Motivation is the drive to act or make changes, which counselling and coaching have in common. Both clientele aim to make changes that create peace and contentment versus confusion and conflict within themselves (physically and emotionally, as well as cognitively (mind).
Some theories I thought you might be interested to know about include these which are perhaps easier to understand and may even be familiar!
Incentive theory is exactly what it sounds like it is, it is an incentive or motive to do something. The most common incentive would be a reward which can be tangible or intangible. Rewards are presented generally after the occurrence of the action or behavior that one is trying to correct or cause to happen again. This is done by associating positive meaning to the behavior and or action. Studies show that if the person receives the reward immediately, the effect is greater
Maslow’s Hierarchy of Needs
A drive or desire can be described as a deficiency or need that activates behavior that is aimed at a goal or an incentive. Basic drives such as hunger motivates a person to seek food whereas more subtle drives might be the desire for praise and approval which motivates a person to behave in a manner pleasing to others.
Content theories can also be referred to needs theories, because the theory focuses on the importance of what motivates us (needs). In other words they try to identify what our “needs” are and how they relate to motivation to fulfilled those needs.
Suggested by Leon Festinger, cognitive dissonance occurs when an individual experiences some degree of discomfort resulting from an inconsistency between two cognitions: their views on the world around them, and their own personal feelings and actions. For example, we seek to reassure ourselves regarding a purchase, feeling that another decision may have been preferable and more useful than the one we chose leaves us feeling uncomfortable and ‘wrong’, therefore to balance the difference between their feelings and beliefs causes dissonance. We will convince ourselves we are right though to avoid this dissonance!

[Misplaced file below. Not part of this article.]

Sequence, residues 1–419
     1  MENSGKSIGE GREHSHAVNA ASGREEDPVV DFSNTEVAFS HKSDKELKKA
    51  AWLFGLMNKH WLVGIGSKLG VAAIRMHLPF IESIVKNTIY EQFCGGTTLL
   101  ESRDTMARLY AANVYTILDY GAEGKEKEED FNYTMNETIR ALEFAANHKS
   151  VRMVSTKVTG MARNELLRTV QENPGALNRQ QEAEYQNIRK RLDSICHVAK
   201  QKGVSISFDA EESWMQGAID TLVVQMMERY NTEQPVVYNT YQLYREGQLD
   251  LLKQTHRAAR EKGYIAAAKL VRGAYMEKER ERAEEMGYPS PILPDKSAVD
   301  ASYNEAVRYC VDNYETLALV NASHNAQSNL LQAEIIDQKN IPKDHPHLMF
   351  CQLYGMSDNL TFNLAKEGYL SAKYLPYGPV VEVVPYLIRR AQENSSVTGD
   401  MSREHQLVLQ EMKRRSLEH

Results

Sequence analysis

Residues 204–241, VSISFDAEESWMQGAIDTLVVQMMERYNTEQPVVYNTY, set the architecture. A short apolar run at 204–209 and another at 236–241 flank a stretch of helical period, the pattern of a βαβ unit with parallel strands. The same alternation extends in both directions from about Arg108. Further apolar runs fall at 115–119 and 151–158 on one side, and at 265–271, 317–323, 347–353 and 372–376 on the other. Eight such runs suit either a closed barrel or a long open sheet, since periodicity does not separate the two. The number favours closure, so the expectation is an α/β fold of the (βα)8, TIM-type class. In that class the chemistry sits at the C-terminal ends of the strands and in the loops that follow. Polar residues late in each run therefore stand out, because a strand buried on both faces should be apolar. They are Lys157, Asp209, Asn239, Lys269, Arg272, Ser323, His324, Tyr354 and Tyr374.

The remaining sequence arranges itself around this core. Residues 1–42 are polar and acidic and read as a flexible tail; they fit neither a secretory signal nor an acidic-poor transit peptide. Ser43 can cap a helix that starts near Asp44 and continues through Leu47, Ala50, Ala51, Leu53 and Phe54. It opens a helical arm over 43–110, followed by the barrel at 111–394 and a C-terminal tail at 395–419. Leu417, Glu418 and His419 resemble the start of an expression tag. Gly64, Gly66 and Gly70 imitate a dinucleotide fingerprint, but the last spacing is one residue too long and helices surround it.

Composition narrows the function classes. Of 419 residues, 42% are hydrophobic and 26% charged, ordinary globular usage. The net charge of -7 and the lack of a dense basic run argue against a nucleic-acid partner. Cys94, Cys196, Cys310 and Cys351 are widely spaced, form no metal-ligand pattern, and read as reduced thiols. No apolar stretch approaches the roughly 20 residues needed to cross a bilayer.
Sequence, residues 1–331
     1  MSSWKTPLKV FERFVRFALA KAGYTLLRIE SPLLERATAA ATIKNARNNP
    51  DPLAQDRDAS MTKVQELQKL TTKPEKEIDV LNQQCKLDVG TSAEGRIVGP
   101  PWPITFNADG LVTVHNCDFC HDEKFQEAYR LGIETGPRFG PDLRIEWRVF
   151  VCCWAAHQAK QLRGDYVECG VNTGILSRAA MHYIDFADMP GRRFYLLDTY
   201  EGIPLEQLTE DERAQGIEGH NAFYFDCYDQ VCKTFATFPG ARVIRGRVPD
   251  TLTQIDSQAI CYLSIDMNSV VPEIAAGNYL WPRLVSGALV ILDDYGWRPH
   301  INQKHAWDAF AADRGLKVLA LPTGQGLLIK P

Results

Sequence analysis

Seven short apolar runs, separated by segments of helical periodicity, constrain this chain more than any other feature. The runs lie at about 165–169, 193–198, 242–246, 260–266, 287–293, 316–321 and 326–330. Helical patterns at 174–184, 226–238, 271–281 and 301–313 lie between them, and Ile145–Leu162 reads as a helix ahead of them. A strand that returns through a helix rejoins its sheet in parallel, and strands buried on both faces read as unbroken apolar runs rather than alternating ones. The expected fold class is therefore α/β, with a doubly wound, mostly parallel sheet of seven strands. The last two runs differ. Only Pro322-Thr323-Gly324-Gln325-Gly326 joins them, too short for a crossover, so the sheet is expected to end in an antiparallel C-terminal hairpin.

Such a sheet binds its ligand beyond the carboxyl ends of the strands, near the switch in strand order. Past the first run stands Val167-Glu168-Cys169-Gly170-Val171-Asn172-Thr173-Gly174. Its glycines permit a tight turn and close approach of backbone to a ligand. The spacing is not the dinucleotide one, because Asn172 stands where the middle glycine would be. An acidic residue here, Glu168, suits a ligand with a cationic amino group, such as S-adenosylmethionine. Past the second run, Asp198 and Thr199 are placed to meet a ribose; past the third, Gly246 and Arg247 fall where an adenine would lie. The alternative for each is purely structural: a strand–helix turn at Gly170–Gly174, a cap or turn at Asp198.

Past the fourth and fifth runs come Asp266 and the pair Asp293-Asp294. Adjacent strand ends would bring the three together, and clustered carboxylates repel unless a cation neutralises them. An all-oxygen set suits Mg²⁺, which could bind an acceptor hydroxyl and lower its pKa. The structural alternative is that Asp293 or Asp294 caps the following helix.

Frederick Herzberg’s two-factor theory concludes that certain factors in the workplace result in job satisfaction, but if absent, they don’t lead to dissatisfaction but no satisfaction. The factors that motivate people can change over their lifetime, but “respect for me as a person” is one of the top motivating factors at any stage of life.
Approach motivation can be defined as when a certain behavior or reaction to a situation or environment is rewarded or the resulting in a positive (desirable) outcome. In contrast, avoidance motivation can be defined as when a certain behavior or reaction to a situation or environment is punished, resulting in a negative (undesirable) outcome. For this one, the other phrase is pleasure seeking or pain avoidance…
Wikipeadia – Motivation for many many others!